In a classic (and modern) story of unintended consequences, Pokémon Go may have become the next best health app by accident. Before diving deeper into why, the obvious question of “What is Pokémon Go?” needs to be answered.
In simple terms, Pokémon Go uses a phone’s GPS and clock to detect where and when a user is in the game and make Pokémon "appear" (on a phone screen). A user’s goal is to go and catch the Pokémon. As you move around, different and more types of Pokémon will appear depending on where a user is and what time it is. The idea is to encourage users to travel around the real world to catch Pokémon in the game. This combination of a game and the real world interactions is known as "augmented reality." The game is so popular that it’s on the verge of overtaking Twitter in terms of daily active users on Android. Did we mention the game is a little more than a week old?
The game has become so popular that people are hunting down Pokémon on their office desks, in hospital rooms, and even in bathrooms. One teenage girl even found a dead body while looking for Pokémon, and police in Missouri claimed that four suspected robbers lured in victims with the possibility of Pokémon.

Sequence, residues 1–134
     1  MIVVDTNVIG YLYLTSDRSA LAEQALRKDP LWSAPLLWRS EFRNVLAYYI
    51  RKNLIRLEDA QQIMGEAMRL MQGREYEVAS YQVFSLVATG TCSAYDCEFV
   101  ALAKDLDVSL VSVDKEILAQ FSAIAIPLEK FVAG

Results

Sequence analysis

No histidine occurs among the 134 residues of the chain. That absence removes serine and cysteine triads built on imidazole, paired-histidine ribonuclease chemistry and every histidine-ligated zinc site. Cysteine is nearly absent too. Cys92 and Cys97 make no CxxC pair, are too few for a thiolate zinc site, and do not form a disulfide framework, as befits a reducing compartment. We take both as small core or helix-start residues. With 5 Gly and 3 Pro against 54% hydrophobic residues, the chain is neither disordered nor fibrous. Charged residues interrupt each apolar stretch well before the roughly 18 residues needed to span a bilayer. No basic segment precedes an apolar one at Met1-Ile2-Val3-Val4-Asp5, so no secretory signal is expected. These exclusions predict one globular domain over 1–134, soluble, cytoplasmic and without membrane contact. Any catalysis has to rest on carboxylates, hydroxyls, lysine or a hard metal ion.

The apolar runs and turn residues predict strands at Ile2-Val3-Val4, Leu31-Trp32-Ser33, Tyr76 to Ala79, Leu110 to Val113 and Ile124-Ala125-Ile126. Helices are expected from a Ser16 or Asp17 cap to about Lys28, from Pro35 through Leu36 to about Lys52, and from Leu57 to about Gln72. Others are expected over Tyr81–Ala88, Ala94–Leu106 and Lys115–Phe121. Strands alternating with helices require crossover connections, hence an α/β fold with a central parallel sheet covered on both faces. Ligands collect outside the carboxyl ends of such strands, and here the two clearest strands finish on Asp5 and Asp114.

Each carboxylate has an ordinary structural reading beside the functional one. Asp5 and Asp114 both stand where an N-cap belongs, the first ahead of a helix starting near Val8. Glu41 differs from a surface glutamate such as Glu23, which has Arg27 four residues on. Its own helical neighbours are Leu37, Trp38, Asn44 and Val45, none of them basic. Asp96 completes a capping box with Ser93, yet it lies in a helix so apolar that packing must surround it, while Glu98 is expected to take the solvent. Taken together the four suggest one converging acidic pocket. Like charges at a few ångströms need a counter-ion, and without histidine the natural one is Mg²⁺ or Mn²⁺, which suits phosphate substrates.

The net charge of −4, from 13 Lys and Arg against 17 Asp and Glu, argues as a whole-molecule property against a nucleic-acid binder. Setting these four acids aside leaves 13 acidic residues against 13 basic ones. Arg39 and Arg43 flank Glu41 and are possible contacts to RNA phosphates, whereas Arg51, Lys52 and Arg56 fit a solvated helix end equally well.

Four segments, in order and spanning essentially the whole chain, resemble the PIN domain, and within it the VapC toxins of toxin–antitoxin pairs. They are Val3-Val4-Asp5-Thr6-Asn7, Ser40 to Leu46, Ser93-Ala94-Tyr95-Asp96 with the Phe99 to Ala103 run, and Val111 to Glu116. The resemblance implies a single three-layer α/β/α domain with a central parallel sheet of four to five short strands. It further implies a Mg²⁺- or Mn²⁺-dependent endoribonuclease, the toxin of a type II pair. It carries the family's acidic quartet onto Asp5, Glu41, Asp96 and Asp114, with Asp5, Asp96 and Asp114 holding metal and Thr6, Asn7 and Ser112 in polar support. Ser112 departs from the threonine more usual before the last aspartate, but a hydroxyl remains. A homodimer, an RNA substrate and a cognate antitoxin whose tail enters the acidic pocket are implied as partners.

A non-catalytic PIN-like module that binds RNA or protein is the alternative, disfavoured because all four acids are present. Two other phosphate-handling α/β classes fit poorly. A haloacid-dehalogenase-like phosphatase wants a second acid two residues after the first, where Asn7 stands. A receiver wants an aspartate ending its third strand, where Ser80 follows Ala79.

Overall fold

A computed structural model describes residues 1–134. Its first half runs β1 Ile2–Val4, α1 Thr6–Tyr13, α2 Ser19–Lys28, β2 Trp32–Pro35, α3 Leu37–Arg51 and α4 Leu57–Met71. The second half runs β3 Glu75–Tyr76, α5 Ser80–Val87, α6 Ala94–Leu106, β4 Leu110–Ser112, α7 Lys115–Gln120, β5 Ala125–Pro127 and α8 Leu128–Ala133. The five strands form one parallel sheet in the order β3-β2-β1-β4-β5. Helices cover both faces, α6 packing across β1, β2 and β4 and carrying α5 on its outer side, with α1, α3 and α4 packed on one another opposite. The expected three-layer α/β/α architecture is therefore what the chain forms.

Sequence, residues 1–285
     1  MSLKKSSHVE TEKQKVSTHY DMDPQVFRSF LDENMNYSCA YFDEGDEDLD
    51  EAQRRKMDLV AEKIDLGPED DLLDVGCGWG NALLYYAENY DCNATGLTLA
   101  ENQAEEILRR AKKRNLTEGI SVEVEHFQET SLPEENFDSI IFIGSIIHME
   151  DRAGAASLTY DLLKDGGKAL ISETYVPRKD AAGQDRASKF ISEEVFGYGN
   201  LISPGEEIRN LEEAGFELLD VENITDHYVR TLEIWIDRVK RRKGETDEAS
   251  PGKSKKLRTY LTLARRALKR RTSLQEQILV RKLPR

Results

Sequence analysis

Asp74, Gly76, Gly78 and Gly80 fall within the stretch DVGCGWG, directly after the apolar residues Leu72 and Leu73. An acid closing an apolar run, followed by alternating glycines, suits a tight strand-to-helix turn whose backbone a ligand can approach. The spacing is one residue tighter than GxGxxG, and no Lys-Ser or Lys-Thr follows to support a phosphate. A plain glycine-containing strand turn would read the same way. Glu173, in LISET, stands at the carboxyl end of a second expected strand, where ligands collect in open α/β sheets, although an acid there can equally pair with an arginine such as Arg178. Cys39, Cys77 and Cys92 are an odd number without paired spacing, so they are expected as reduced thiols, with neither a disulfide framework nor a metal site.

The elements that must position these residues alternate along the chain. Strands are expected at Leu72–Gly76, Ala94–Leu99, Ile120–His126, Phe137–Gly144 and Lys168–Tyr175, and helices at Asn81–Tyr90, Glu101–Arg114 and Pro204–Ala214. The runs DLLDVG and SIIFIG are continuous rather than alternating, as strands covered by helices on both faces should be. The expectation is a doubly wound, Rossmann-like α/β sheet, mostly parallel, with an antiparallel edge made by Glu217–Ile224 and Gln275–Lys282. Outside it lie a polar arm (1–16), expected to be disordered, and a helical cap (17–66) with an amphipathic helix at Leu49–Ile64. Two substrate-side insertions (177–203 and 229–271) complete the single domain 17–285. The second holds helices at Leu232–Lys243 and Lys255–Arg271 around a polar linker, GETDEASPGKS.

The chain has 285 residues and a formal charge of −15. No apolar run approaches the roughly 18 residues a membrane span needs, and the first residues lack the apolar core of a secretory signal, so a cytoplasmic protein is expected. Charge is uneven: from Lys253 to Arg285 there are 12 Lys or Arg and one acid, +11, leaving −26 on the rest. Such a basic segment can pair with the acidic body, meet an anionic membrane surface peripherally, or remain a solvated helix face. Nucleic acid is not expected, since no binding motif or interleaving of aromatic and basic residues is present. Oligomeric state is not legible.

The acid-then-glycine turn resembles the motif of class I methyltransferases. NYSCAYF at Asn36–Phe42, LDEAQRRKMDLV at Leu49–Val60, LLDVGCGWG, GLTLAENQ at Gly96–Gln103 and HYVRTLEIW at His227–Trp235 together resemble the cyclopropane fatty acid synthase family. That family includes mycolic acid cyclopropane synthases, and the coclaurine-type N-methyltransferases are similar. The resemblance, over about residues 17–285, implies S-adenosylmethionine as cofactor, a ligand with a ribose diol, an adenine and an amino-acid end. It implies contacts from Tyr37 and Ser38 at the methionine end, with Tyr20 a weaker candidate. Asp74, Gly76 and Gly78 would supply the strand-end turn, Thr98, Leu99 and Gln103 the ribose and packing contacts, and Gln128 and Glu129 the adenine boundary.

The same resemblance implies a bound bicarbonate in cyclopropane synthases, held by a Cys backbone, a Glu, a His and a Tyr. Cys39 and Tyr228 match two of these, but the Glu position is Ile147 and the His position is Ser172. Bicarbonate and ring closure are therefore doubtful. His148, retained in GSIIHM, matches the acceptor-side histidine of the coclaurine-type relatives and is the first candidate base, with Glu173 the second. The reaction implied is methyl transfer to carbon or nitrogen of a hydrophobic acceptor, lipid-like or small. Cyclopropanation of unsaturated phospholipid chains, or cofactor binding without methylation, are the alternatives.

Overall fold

So how is Pokémon a health app? To hatch a new Pokémon from an egg, players have to walk one kilometer, as measured by the phone’s sensors. Driving is out of the question, as users must stay below the 10 or 15-mile-per-hour speed limit. For an addictive game, that means lots of walking. One player even logged 24 miles over the course of a couple of days walking around San Francisco. While the game has limited data due to its newness, anecdotal evidence shows that Pokémon Go could be a boon to an individual’s exercise and well-being. Users are increasing their physical activity, getting fresh air and sunshine, and interacting with others.
Only time will tell if Pokémon Go is the best thing since sliced bread for the wellness industry.